The signing of the Paris Agreement by 174 nations on Earth Day this year was a momentous step in tackling climate change. Of course, we’ll have to see how individual governments translate intentions into actions. Fortunately, companies aren’t waiting to cut greenhouse gas emissions.
Indeed, businesses worldwide will reduce their greenhouse-gas emissions substantially by 2030, predicts a first-ever report, “The Business End of Climate Change,” issued in late June by CDP (formerly the Carbon Disclosure Project), London, and We Mean Business, Washington, D.C., which is a consortium of organizations. The study estimates that businesses taking part in five current initiatives will cut their emissions by 3.2–4.2 billion metric tons of CO2 equivalent/yr (mtCO2e/yr) by then. However, these initiatives potentially could lead to much larger reductions — as great as 10 billion mtCO2e/yr by 2030, states the report.
The five initiatives — and the specific commitments to limit climate change made by participating companies — are:
• Science-Based Targets — setting emissions-reduction targets based on keeping temperature change below 2°C;
• EP100 — over 25 years doubling economic output from each unit of energy;
• RE100 — using 100% renewable electricity;
• Zero Deforestation — employing no commodities that cause deforestation; and
• Low Carbon Technology Partnership — developing and adopting low carbon technology in their industry. (The various sectors involved include the chemical industry.)
At the moment, about 300 companies have joined one or more of these initiatives, notes the report. By 2030, the roster could grow to around 4,500 firms, it adds.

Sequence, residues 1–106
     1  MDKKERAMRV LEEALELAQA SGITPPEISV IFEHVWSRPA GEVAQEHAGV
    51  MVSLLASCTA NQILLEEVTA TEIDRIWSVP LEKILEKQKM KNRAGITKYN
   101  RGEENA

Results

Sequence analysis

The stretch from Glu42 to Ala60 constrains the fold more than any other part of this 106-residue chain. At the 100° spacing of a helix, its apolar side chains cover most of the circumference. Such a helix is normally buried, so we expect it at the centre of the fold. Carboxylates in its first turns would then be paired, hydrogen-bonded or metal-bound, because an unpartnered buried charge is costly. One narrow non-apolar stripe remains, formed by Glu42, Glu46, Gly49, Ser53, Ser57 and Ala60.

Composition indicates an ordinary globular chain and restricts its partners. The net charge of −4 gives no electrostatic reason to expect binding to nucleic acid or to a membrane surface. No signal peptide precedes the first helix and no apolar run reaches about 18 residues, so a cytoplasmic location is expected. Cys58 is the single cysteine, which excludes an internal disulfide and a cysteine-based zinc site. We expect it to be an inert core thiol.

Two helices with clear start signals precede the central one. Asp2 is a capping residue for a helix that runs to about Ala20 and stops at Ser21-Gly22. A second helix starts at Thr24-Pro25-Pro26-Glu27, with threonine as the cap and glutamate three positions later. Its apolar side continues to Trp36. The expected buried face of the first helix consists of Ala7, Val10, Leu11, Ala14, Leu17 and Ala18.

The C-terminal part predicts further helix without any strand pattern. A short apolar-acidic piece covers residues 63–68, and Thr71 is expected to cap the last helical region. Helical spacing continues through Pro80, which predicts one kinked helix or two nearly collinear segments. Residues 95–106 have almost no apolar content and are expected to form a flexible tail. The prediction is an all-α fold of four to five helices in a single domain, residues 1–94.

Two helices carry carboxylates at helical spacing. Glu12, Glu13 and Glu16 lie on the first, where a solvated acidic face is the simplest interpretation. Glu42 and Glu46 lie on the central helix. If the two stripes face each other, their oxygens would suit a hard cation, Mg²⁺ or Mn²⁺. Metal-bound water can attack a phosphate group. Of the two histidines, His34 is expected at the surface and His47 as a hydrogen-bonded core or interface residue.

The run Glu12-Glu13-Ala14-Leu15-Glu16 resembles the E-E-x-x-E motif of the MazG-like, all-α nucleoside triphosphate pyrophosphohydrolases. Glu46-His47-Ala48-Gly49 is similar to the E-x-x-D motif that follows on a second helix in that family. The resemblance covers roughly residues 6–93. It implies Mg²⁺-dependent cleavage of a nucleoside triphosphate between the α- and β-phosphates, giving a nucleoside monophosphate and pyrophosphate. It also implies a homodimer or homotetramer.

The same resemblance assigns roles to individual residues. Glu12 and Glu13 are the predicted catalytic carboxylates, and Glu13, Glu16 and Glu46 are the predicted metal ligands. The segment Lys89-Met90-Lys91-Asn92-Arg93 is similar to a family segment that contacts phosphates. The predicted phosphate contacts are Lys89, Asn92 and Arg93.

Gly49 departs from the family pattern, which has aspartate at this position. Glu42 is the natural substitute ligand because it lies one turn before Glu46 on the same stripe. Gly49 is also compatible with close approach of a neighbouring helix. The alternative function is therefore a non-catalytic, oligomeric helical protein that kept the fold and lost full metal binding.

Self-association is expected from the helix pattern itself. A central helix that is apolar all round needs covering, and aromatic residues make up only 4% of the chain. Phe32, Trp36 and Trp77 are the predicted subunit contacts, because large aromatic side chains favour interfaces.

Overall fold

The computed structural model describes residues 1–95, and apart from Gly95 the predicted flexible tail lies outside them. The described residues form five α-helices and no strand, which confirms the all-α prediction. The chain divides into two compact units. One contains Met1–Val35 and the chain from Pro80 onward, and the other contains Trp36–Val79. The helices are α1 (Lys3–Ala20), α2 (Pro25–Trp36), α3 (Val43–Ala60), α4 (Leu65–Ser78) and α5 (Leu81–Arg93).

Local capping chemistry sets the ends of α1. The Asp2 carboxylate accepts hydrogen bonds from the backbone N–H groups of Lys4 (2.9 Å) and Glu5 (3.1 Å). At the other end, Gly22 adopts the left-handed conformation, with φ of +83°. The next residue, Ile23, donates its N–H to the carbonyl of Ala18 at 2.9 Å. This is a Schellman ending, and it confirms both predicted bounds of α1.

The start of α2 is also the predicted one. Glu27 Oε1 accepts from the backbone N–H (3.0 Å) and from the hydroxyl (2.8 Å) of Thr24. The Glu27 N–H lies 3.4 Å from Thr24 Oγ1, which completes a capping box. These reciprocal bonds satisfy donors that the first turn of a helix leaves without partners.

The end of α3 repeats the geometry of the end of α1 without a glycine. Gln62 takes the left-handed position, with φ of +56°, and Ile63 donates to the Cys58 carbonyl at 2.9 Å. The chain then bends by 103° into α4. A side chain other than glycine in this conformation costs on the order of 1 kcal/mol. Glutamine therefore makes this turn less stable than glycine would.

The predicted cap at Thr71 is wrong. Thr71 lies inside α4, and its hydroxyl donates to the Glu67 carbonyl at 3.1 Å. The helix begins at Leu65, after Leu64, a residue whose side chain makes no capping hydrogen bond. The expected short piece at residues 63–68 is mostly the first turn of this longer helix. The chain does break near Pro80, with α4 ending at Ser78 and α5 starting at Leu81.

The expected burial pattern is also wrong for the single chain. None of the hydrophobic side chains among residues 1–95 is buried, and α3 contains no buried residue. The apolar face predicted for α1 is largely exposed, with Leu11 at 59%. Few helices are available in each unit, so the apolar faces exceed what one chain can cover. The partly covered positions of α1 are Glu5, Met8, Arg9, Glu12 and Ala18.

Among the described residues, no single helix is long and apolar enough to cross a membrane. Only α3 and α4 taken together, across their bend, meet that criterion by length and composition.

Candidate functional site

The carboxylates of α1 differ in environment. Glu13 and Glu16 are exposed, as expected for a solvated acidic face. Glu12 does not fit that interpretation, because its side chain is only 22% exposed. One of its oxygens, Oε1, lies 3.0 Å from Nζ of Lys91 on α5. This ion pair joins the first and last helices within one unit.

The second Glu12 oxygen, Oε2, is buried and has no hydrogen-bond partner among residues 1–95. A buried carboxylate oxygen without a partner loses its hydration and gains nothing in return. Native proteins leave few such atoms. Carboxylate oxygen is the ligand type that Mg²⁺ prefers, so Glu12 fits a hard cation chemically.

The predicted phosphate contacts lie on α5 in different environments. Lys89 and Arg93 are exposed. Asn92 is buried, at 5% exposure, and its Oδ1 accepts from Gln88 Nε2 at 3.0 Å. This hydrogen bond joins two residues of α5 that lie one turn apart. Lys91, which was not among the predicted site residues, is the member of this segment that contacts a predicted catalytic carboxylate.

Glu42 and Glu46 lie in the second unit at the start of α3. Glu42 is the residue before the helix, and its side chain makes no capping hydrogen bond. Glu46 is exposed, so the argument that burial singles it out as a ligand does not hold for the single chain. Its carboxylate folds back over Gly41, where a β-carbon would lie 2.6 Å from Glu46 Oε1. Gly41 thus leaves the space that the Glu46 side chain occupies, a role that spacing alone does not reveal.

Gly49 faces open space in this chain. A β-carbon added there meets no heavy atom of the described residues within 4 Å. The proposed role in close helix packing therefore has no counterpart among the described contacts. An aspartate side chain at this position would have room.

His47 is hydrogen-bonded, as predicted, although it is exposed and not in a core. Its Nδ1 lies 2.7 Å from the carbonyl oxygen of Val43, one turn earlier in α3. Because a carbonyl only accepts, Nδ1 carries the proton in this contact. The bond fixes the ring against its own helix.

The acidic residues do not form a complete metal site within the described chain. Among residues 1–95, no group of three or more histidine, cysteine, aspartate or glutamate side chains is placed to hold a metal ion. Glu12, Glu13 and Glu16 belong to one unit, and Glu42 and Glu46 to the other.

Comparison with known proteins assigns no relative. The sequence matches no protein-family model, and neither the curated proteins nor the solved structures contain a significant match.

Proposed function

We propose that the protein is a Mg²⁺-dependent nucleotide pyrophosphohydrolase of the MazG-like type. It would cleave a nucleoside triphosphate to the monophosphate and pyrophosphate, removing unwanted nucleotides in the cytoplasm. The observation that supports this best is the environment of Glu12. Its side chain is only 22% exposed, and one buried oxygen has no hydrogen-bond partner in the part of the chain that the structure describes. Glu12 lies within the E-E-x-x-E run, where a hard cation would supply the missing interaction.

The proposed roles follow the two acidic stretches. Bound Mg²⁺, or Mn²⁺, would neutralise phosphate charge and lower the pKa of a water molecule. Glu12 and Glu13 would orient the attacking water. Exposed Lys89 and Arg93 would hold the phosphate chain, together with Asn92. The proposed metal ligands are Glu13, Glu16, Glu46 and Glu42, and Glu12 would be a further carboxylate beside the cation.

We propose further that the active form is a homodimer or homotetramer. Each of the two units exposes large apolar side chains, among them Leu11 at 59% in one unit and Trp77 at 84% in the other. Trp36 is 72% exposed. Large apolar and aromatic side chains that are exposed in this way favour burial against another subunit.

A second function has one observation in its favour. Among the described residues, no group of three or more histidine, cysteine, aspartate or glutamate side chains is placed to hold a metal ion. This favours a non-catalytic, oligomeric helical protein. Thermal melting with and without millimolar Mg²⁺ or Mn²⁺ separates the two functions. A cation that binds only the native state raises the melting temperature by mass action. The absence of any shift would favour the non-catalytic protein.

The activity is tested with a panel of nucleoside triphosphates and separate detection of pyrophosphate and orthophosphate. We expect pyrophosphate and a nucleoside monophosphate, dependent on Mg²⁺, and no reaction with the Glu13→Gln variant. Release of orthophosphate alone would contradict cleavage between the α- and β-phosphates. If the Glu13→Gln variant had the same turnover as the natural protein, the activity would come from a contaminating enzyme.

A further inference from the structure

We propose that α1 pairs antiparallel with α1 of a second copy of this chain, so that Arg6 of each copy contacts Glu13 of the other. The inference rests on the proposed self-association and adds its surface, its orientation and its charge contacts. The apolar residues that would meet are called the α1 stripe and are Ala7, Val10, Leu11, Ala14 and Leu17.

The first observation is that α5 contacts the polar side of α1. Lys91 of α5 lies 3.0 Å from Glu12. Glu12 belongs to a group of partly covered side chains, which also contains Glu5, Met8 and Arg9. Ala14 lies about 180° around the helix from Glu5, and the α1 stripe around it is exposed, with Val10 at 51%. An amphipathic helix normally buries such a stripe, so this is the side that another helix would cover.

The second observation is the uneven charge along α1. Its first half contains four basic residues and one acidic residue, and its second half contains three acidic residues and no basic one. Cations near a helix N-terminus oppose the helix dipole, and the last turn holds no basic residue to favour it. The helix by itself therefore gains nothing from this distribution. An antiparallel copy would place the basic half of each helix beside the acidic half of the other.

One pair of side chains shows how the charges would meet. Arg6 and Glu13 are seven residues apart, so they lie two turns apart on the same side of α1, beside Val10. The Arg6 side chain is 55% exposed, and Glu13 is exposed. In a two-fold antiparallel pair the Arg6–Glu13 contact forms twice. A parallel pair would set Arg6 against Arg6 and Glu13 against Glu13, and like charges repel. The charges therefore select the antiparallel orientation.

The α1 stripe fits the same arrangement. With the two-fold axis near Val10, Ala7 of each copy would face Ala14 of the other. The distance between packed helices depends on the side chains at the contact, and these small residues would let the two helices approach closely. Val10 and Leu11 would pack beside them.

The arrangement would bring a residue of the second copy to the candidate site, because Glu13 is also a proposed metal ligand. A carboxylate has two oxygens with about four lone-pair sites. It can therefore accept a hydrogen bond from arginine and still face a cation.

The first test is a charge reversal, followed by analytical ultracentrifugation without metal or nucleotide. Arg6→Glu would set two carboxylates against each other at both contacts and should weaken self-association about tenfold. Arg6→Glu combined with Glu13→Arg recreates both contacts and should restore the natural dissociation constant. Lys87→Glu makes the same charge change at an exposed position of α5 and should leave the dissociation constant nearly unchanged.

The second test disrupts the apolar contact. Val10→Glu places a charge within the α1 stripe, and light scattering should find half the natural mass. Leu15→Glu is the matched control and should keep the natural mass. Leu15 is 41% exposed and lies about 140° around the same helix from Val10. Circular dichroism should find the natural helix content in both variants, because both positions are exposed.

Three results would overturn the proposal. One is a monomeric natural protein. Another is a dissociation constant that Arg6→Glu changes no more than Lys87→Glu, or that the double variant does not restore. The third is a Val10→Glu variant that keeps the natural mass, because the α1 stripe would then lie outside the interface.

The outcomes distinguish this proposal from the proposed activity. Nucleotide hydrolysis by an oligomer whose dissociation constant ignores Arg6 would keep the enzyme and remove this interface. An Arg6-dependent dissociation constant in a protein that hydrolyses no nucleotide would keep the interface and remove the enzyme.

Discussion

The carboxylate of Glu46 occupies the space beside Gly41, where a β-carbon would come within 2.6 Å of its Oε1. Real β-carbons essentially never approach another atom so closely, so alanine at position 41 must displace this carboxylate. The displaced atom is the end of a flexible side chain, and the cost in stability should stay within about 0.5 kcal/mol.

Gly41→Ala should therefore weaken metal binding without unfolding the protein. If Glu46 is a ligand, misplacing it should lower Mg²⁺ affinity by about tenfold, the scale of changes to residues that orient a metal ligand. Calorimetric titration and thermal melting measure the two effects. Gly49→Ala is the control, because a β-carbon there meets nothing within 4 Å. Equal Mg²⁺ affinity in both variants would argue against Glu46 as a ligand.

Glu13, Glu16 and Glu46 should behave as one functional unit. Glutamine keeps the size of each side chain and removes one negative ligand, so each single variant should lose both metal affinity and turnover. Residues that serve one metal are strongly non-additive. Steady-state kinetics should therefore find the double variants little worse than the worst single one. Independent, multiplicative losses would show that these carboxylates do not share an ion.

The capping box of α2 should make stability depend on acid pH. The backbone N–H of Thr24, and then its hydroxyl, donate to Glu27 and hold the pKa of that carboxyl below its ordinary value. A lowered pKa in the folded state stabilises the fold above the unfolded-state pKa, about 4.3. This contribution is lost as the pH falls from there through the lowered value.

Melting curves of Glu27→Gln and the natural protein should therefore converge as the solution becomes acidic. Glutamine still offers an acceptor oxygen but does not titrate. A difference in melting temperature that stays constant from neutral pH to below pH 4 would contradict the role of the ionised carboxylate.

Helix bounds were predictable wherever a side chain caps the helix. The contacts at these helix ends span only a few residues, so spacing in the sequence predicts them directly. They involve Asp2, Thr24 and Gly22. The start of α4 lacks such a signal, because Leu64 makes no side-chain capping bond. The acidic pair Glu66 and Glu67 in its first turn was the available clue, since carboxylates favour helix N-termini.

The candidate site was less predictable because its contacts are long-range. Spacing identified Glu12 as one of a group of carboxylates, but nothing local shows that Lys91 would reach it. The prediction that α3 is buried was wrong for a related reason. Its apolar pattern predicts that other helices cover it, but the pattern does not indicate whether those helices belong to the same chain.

The report’s estimate (developed by the NewClimate Institute, Cologne and Berlin, Germany) of a 3.2–4.2-billion mtCO2e/yr reduction is based on each initiative meeting its most ambitious goal for signing up members; the figure takes into account potential overlaps in savings among initiatives. The 10-billion mtCO2e/yr decrease comes from considering the impact if all relevant companies that could join an initiative did so.
A10-billion mtCO2e/yr reduction would serve as a significant step to keep emissions below the 42-billion mtCO2e/yr limit for 2030 to hold global warming below 2°C, states the report. “But that can only happen if governments create the right policy environment. That means acting as a catalyst and also removing barriers that currently stop companies from fighting climate change,” it warns. “Companies may be highly motivated to take action on climate change but run into obstacles. For example, they could find regulation prevents them from shifting to a lower-emissions supply chain or infrastructure,” it explains.
So, the report calls upon governments to:
• encourage utilities to offer renewable energy contracts and facilitate businesses adopting them;
• help companies build their own renewable electricity installations;
• support research and development on low carbon technologies;
• make energy-efficiency investments more attractive by offering grants and capital depreciation;
• create incentives for buyers and sellers of sustainable products; and
• reduce the administrative and cost burden of certification for producers, so they more easily can produce commodities without deforestation.
CDP and We Mean Business plan to issue the report annually. They hope to include additional initiatives in the future, and are looking for suggestions about ones to consider.
Knowing the potential impact of various initiatives certainly seems a sensible step to understanding the role business can play in curbing greenhouse-gas emissions.
MARK ROSENZWEIG is Chemical Processing's Editor in Chief. You can email him at firstname.lastname@example.org.